Deadline (2009)

Genre(s): Horror / Thriller
First Look Studios || R - 89 minutes - $28.98 || December 1, 2009
Reviewer: Brian Oliver || Posted On: 2009-12-03

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.:: F I L M ::.
The Film

.: F E A T U R E S :.

Special Features

.:: V I D E O ::.

.:: A U D I O ::.

.:: O V E R A L L ::.
Director: Sean McConville
Writer(s): Sean McConville (written by)
Cast: Brittany Murphy, Thora Birch, Tammy Blanchard, Marcus Blucas

Supplemental Material:
  • Featurette

Technical Information:
  • Number of Discs: 1
  • Widescreen (2.35)
  • English (Dolby Digital 5.1), English (Dolby Surround)
  • Subtitles: English, Spanish

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.::THE FILM::.

In the latest in the line of direct-to-video horror-thrillers, Deadline pits two actresses who were on the rise in the late 90s/early 2000s, only to falter and rely on half-assed screenplays. Thora Birch made a splash in American Beauty holding her own as Kevin Spacey’s teenager daughter while Brittany Murphy was fantastic in Don’t Say a Word opposite Michael Douglas. However, neither actress has really risen to those lofty levels taking on some decent supporting roles (Birch in Ghost World and Murphy in 8 Mile), before starring in some fairly lousy direct-to-video entries including The Ramen Girl and the incredibly awful Train.

The so called story is about screenwriter Alice Evans (BRITTANY MURPHY) is getting over a violently abusive relationship. Her roommate/partner, Rebecca (TAMMY BLANCHARD), has to leave town and Alice doesn’t feel safe in their apartment, so she uses her connections with a producer to stay for a week at a vacant mansion out in the middle of nowhere. Making matters even more ridiculous, despite offering to take a taxi to the airport by Rebecca, Alice insists on her taking the car and thus only transportation out. Such an utterly ridiculous plot device to keep her on the property... surely nothing will happen.

Alone in the creepy mansion, she begins seeing and hearing things and when she stumbles upon a collection of video tapes – after following a trail of wet footprints that don’t seem to bother her –, she sees into the lives of a couple that lived there years earlier. Newlyweds Lucy (THORA BIRCH) and David Woods (MARC BLUCAS) is seemingly a loving couple but as Alice digs deeper and watches each tape, David’s obsession with Lucy’s possible infedlity, despite being pregnant, grows and he becomes increasingly more violent. Now Alice begins to believe she is being haunted by Lucy’s ghost while also dealing with her own demons including the violent ex-boyfriend who tried to kill her.

On the surface, Deadline sounds like a half-way decent little horror-thriller unfortunately, and in many ways ironically, the screenplay flounders with a story that never quite connects and characters that we neither know nor care about. It is one screenplay, by Sean McConville (who also directed), that could’ve used an extra draft to smooth things out.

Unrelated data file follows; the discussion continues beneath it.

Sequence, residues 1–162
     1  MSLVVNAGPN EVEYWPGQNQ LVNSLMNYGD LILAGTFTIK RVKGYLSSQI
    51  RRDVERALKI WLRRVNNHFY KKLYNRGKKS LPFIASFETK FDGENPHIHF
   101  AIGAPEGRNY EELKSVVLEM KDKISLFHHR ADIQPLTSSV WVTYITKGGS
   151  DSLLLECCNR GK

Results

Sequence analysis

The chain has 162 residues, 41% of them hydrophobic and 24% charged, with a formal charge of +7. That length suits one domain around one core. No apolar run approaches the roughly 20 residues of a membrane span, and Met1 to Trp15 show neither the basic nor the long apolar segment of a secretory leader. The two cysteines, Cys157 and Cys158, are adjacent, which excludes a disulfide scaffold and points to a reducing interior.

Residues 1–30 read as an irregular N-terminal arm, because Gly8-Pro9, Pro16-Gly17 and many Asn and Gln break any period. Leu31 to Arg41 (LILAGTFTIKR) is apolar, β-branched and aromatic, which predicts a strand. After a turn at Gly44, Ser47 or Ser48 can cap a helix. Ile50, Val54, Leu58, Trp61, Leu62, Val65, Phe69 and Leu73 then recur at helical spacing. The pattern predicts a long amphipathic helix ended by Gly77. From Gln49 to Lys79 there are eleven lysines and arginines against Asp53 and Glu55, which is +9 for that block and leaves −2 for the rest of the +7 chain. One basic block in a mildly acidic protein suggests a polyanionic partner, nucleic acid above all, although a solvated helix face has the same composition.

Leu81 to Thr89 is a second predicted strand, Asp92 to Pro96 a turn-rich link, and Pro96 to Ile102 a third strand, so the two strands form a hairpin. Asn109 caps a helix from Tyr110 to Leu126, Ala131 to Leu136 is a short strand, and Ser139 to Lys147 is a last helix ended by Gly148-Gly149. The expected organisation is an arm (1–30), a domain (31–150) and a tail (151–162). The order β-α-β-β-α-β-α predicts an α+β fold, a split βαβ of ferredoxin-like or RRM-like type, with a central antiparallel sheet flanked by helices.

This isn’t to say the cast was anything stellar. As I already laid out, the film stars a couple actresses who seemed to have an interesting indie career going for them only to bottom out with a couple cheap direct-to-video flicks. While Thora Birch got more to do having to act opposite Marc Blucas – who portrays a Jack Nicholson decent into madness like an obnoxious and annoying puppy than a jealous psychopath –, poor Brittany Murphy, outside of the first 15-minutes, walks around the mansion with a scared/confused/worried/crazy look on her face being surprisingly cool for a gal who sees her laptop screen bleed. If this weren’t a movie, I’d call a cab, huddle in the corner in the fetal position and high tail it outta there when it arrived. Instead, Alice stoically decides to stay to try and uncover what happened in the house. At least she wanted to know as I could’ve really cared less.

The other issue I had with the movie is, forget the fact it’s not that scary or at least intriguing, but it has no ambience or tone. Yes, they filmed inside a classic Louisana plantation mansion but being old and hearing creaky doors in the distance makes a good horror film not. I swear, after Alice’s arrival we spend a good portion of the time hearing doors creak or the normal house settling noises and that’s supposed to set the mood?

As I said, Deadline had a kernel of a good idea but it was inadequately written and poorly executed from the direction to the cast, though in fairness to Murphy and Thorp, I highly doubt A-list actresses could’ve done any better.


Making Deadline (10:13) – The lone feature is just filled with your typical interviews with the cast and crew about the ideas brought about and how the project came to be


Deadline is presented with a 2.35 aspect ratio (despite the back cover stating it is 1.85) and while I can say it’s not completely awful since there wasn’t any pixilation issues, but overall the picture looks too soft. I assume by design, the picture also seems a little off with skin tones as it looks a little too pale at times.

The Dolby Digital 5.1 track is alright but nothing special. I got a lot of static noise, probably due to the projects low budget, and even dialogue seemed really flat. The film doesn’t have much to judge, you do get plenty of ambient noise with ghostly screams and the sounds of water overflowing a tub, but again there’s no real depth, even for a standard Dolby Digital track.


Deadline, although having an interesting foundation of a horror-thriller, never really capitalizes on it. The cast is OK if only the fact they didn’t have much to work with. The DVD isn’t anything special with average video and audio plus a special feature that is anything but. Do yourself a favor and skip it, there are better options out there.